*Originally posted by EinsteinMind*

**sorry for the double post guys. need to give a more detailed explanation of proving his theory.
**

you see, in any tournament, the points won has to equal the points lost.

From this we can derive a simple equation: w=l (win points equals loss points.)

Now he wants me to prove that It is impossible that losses are greater than wins, or this equatio ...[text shortened]... asically a law of chess tournaments, every player cannot lose more than they can win, only some.

I don't think you are being asked to prove that losses are greater than wins, well at least I can't understand your logic which doesn't surprise me if you check out the hat thread. You are being asked to prove that in a round robin tournament (X) with a certain number (

*n*) of players there exists a clear winner (A) and that the maximum cumulative points total of those players who defeated (A) is less than the minimum number of the cumulative points total of those players who lost to (A).

If there is 1 player in the tourney then it's absurd. If 2 players then the winner can't lose a game and still win, if 3 players each player plays two games so yet again you can't lose a game and be a clear winner so we are only being asked to prove this when

*n* > 3.

Example: 8 player round robin.

It's an all-play-all so the number of games shall be 7+6+5+4 etc which can be written as

*n*(

*n*-1)/2 (Like the triangular number series only the n value isn't counted: we start from

*n*-1, and hence

*n*(

*n*-1)/2 and not

*n*(

*n*+1)/2.) So in an eight player tourney there will be 28 games and a total of 28 points available. If we take the minimum number of points needed by A (in order to maximise the number of players that beat A, and their cumulative total) we find that A needs 4 points to be outright winner (we don't count draws because they will merely take a player out of the loop.)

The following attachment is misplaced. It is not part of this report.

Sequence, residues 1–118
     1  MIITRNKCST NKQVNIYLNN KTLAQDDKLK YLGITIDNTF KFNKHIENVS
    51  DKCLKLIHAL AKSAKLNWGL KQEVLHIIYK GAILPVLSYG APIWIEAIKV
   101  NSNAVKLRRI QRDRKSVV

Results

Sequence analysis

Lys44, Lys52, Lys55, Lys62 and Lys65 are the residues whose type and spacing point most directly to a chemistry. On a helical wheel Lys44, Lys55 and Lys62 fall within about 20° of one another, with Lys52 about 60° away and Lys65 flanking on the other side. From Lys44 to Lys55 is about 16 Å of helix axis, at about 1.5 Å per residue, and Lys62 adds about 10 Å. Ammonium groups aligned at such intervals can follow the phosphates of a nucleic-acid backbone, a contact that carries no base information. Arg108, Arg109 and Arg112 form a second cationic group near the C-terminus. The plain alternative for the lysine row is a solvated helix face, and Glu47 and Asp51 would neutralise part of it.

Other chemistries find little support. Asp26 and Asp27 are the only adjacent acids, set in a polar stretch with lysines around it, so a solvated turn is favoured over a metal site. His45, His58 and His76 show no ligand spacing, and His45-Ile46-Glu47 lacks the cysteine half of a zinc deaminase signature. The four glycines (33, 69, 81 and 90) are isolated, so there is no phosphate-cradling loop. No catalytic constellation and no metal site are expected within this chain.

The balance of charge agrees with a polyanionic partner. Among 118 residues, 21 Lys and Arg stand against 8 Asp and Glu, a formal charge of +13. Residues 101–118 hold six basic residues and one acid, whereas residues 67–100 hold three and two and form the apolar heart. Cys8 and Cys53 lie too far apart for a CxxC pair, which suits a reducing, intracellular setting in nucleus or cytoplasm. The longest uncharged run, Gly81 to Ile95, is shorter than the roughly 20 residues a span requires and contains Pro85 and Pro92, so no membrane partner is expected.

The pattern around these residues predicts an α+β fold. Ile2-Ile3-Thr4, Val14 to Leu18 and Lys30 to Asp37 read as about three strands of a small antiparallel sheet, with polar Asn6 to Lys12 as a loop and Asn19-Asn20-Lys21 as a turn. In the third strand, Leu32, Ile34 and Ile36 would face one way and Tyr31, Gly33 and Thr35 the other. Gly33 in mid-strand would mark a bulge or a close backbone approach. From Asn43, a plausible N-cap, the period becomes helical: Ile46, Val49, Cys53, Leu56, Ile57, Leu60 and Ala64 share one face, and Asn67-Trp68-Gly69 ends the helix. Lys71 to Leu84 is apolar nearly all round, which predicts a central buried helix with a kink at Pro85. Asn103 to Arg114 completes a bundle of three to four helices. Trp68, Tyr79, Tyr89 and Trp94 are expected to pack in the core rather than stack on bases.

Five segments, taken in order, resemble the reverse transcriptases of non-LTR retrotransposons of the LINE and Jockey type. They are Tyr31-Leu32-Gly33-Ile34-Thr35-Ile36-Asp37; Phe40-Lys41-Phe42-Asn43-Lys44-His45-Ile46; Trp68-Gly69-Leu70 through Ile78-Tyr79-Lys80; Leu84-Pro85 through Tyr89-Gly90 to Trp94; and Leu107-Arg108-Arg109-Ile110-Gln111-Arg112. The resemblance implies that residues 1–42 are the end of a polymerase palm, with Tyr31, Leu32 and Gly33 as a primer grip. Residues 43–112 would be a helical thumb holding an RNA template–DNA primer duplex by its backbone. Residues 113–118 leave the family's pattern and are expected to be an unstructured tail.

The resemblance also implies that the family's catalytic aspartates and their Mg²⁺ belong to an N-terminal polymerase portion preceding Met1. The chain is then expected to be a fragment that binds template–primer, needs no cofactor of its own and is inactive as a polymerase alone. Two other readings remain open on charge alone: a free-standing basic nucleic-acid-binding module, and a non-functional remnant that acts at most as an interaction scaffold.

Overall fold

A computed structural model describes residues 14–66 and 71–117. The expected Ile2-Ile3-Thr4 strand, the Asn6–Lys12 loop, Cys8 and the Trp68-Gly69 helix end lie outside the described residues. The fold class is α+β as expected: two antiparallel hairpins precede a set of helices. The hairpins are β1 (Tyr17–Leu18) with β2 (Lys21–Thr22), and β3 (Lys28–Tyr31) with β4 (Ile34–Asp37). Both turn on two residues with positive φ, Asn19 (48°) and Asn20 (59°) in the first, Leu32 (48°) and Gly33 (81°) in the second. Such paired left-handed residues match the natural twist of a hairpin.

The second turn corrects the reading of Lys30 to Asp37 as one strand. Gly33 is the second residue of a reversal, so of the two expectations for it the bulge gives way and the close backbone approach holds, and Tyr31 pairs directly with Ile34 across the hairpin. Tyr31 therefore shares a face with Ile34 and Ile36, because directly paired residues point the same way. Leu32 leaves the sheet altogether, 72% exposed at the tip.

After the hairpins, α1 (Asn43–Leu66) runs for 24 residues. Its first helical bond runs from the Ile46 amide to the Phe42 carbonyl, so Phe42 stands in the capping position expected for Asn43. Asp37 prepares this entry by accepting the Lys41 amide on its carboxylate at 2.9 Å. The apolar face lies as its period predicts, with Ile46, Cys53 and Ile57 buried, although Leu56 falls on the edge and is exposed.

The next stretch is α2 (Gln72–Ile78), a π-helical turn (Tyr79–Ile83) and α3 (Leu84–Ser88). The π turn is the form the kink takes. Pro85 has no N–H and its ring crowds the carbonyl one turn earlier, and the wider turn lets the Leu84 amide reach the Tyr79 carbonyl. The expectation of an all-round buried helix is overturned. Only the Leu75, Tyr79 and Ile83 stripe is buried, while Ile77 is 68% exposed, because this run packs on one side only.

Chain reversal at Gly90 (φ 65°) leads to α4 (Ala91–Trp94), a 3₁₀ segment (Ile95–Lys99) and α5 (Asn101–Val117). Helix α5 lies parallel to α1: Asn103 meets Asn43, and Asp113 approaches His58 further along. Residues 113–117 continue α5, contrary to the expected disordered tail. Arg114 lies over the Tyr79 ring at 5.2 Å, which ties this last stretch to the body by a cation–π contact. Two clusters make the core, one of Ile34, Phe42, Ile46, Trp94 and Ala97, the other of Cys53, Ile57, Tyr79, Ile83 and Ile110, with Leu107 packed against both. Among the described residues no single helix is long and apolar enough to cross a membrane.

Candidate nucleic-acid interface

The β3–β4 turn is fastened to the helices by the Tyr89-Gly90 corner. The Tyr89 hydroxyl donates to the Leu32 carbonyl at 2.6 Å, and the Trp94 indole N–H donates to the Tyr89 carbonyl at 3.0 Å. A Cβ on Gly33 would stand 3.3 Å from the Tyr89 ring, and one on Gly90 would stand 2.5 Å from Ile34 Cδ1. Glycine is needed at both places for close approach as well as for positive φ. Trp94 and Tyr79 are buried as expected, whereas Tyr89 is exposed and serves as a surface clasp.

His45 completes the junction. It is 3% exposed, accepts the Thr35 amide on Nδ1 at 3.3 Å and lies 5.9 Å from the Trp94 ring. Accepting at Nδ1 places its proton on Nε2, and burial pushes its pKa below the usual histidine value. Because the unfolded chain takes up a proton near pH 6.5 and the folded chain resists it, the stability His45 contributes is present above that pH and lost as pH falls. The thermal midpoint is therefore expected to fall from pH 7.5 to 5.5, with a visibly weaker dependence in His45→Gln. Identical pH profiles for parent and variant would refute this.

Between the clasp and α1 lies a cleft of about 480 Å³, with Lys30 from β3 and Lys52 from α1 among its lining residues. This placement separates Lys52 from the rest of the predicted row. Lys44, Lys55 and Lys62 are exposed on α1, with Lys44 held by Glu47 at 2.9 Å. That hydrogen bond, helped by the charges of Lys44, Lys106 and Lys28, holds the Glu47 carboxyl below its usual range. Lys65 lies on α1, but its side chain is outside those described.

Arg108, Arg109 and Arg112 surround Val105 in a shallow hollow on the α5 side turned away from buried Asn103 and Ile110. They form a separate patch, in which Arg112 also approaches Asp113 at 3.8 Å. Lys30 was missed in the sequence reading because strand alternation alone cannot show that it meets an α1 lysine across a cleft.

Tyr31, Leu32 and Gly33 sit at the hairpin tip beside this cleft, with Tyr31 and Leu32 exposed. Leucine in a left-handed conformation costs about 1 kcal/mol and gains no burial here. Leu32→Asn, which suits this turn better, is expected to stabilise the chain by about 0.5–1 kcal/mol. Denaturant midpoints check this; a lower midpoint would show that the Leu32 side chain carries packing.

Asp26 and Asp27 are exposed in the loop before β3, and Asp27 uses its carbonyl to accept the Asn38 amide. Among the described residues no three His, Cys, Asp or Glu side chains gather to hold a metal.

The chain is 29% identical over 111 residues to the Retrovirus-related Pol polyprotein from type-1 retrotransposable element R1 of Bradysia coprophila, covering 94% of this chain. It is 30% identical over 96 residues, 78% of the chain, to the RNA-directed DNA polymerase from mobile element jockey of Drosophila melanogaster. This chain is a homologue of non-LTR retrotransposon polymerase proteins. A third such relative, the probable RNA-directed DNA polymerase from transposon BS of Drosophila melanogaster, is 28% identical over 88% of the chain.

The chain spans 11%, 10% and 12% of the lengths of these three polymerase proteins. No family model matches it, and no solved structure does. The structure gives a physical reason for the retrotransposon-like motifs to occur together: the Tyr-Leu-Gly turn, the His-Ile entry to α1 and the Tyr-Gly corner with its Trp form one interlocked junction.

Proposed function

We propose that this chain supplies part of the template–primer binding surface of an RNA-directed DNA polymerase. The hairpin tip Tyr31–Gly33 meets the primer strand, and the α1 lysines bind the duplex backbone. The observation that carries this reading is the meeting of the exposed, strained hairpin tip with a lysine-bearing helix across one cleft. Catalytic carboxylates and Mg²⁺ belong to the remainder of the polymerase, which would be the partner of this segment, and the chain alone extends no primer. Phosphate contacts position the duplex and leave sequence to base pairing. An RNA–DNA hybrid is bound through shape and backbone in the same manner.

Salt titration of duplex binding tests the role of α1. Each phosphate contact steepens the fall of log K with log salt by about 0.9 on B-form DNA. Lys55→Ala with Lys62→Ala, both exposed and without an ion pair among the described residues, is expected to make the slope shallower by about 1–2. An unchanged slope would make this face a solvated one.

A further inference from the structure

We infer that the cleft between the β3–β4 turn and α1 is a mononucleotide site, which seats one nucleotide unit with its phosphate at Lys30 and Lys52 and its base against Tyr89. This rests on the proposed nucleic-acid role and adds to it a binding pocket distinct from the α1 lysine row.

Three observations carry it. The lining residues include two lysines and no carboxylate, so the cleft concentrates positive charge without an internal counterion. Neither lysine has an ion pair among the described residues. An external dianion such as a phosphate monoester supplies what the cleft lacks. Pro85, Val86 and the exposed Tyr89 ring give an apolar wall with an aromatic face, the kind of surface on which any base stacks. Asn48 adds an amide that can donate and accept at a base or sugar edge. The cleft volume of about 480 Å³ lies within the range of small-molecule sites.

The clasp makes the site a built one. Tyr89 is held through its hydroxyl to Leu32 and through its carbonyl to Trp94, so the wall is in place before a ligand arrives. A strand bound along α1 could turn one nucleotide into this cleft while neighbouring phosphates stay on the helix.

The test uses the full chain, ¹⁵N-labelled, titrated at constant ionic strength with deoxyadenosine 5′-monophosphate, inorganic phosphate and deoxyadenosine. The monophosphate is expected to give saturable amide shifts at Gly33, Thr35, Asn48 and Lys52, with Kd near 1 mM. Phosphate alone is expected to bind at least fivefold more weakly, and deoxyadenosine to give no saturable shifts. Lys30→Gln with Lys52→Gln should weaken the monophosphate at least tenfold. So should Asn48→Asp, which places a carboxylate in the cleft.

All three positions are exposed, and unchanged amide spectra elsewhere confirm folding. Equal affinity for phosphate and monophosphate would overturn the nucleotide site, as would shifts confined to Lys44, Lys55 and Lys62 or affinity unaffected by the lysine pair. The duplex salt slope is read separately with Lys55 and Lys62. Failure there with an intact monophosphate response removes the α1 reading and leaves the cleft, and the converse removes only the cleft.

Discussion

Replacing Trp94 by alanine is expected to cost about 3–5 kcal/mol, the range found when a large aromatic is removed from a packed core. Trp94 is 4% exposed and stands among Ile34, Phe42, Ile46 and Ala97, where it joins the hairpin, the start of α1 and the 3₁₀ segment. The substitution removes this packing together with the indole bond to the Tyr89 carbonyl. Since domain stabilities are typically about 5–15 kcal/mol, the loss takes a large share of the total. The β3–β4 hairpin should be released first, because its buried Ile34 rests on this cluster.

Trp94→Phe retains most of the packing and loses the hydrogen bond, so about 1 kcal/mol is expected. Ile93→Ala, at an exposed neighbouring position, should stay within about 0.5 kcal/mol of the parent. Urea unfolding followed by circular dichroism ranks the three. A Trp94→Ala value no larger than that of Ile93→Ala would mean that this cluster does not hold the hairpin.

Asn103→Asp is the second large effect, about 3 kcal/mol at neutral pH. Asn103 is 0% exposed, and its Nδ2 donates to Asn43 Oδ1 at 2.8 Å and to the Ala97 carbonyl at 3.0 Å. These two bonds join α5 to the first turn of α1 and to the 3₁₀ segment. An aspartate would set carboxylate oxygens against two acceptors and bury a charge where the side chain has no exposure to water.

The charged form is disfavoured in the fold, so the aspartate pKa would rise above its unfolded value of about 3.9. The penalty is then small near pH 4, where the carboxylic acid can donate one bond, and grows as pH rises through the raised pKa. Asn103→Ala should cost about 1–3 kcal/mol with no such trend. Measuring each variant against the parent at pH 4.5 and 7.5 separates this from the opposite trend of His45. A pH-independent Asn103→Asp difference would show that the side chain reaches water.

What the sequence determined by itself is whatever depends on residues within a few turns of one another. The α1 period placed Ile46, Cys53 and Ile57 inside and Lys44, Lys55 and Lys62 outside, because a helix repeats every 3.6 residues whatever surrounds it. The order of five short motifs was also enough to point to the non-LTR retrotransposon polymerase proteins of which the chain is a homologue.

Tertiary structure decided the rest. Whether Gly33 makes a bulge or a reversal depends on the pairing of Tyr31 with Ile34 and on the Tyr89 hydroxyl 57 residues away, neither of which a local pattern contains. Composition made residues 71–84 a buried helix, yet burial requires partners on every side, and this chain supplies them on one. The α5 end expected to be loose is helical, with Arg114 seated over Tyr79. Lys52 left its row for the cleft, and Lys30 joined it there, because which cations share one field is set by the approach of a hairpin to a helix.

If A wins 4 games (

*n*/2) then A had 3 losses therefore there are three players in the group of players who beat A (

*n*/2-1). The maximum that each member of this group can score and still be a runner-up is a half point less than the score by the winner, therefore 3.5 (

*n*/2-0.5).

The total points that are available is 28 so if we subtract the winner's points we have 24. The maximum that the group of players who beat A can muster is 3.5*3 ([

*n*/2-1][

*n*/2-0.5]) =10.5. If we subtract 10.5 from the 24 we are left with 13.5 therefore the group of players that lost to A have a higher cumulative total than those who won against A.

A tourney with

*n* players:

For a tourney with n players there are

*n*(

*n*-1)/2 games available and n(n-1)/2 total points. If we subtract the wins of player A we get:

*n*[2]/2-

*n*/2-

*n*/2 [

*n*[2] means n squared]

=

*n*[2]/2 -

*n*
The maximum amount of points won by the group of players who beat A is:

(

*n*/2-1)(

*n*/2-1/2)

=

*n*[2]/4 - 3/4

*n* + 1/2

We must prove that

*n*[2]/2-

*n* is more than double

*n*[2]/4-3/4

*n*+1/2

We know that

*n*[2]/2 is double

*n*[2]/4 so we only need to show that

*n* is greater than 3/4

*n* +1/2.

But we said at the start that we are proving this for values of

*n*>3 and it's clear that even substituting for the lowest value of

*n* (that is 4) we get 4 > 3+ 1/2.

I am crap at maths so excuse the laboured explanation I am probably missing something mundane in the earlier explanations. I am not sure if this explanation is exactly the same for odd numbers of participants.